Russian laws ‘do not limit’ length of Snowden’s stay in transit zone
Russian laws do not limit the amount time that Edward Snowden can stay inside the transit zone of Moscow’s Sheremetyevo airport, and international law does not allow Russia to simply return the whistleblower to the US, Russia's Justice Ministry said
27 July, 2013
The ministry said in a statement that according to the country’s laws, former CIA employer Snowden can stay inside the international transit zone for as long as he pleases, even though his travel documents were revoked by the US. The whistleblower has been inside Sheremetyevo airport since arriving in Moscow on June 23.
"Russian law does not stipulate the duration of time for which a foreign citizen may stay in the airport's transit zone or liability for staying for a long time in an airport's transit zone without documents," the ministry told Interfax news agency.
Moreover, the ministry added that it cannot comply with Washington’s request to return the whistleblower to US soil, simply because the term “forced return” does not exist in international law.
"As a rule, the term 'return' in Russian law and practice is applied to voluntary entry of individuals from abroad into the country whose citizens they are," the ministry said.
US Ambassador to Russia Michael McFaul said earlier that the US was not seeking Snowden's extradition, but was instead asking for his return.
"The US is not asking for 'extradition,’ but simply the return of Mr. Snowden. We have sent many people back to Russia," McFaul said on Twitter on Wednesday.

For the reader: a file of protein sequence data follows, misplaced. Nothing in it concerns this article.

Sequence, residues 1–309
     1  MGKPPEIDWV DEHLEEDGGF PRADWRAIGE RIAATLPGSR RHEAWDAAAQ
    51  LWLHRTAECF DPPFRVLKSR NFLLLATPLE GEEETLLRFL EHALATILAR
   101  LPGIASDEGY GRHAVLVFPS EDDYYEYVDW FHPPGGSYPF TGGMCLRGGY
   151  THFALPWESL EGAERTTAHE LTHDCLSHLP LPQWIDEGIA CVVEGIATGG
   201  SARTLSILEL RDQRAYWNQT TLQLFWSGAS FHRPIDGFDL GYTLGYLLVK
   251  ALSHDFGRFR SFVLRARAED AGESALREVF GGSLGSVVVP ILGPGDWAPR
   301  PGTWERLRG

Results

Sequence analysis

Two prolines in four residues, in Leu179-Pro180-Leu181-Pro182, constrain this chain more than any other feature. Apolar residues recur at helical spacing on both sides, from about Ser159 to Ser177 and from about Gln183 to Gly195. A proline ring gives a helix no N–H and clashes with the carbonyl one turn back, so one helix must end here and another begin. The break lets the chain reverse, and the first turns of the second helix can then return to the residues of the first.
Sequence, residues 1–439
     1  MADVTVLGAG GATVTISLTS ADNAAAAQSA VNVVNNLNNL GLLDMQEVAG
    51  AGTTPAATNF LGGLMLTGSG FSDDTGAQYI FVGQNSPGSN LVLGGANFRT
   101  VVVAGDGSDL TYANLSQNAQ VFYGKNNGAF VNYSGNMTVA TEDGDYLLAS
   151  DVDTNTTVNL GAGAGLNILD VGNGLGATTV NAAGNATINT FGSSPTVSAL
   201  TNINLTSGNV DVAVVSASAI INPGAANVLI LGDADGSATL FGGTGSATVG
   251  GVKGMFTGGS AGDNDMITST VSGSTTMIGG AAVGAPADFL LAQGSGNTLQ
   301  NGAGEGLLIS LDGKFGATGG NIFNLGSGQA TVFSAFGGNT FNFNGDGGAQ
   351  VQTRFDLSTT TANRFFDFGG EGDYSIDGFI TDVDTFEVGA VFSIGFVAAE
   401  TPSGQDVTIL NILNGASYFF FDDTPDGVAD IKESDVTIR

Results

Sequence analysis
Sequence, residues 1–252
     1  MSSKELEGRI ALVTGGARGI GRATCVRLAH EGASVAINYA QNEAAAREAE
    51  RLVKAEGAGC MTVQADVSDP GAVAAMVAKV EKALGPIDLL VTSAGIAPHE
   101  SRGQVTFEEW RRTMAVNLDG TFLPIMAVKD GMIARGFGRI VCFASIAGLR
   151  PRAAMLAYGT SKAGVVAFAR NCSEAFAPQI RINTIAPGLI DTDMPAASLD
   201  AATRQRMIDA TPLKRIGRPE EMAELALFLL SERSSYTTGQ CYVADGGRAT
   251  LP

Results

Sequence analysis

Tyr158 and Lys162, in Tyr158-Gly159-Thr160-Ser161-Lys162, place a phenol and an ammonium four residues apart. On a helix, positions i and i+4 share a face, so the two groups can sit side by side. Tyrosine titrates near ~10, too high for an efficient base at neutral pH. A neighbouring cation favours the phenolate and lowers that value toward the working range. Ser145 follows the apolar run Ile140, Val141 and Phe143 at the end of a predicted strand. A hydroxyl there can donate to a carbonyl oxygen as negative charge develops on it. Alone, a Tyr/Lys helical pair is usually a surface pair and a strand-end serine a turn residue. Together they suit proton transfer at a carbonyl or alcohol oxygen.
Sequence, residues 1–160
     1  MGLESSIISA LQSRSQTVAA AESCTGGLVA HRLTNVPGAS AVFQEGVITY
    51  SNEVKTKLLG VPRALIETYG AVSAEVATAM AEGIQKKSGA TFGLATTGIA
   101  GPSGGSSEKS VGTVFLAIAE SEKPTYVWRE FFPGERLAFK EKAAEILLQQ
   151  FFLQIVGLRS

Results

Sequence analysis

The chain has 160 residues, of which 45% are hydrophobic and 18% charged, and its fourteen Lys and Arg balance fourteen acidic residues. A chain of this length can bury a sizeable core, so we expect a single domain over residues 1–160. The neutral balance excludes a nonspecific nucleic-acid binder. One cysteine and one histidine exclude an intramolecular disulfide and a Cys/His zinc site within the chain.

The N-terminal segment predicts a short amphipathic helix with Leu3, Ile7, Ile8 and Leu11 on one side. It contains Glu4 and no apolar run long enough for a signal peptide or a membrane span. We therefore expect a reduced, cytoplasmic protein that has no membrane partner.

- ianlogsdon @ianlogsdon
@McFaul I find it interesting an Ambassador doesn't understand extradition. Isn't it pointless to expect something you have no right to?
@ianlogsdon The U.S. is not asking for "extradition", but simply the return of Mr. Snowden. We have sent many people back to Russia.
Moscow and Washington do not have an extradition agreement, although Russia has handed over US citizens on a case-by-case basis in the past.
In a letter from US Attorney General Eric Holder to his Russian counterpart, Justice Minister Aleksandr Konovalov, the attorney reassured that “the United States will not seek the death penalty for Mr. Snowden should he return to the United States.”
However, the former NSA contractor could still face a long jail term if sent back to the US, according to Foreign Affairs Committee chairman of the Russian Duma, Aleksey Pushkov.
"The U.S. has said it will not execute Snowden. American experts told me he is facing 20 years in prison. But his father doesn't believe in fair trial," Pushkov said on Twitter.
Snowden faces three charges of theft of government property, unauthorized communication of national defense information, and willful communication of classified communications intelligence information to an unauthorized person.
Edward Snowden's father, Lon Snowden, said in a telephone interview to AP that his son was vilified by the Obama administration and members of Congress, and is better off staying in Russia.
The elder Snowden said that he has lost faith in recent weeks that his son would be treated fairly by the US Justice Department. He added that his son should avoid returning to the US if possible, until an administration which respects the Constitution comes into office.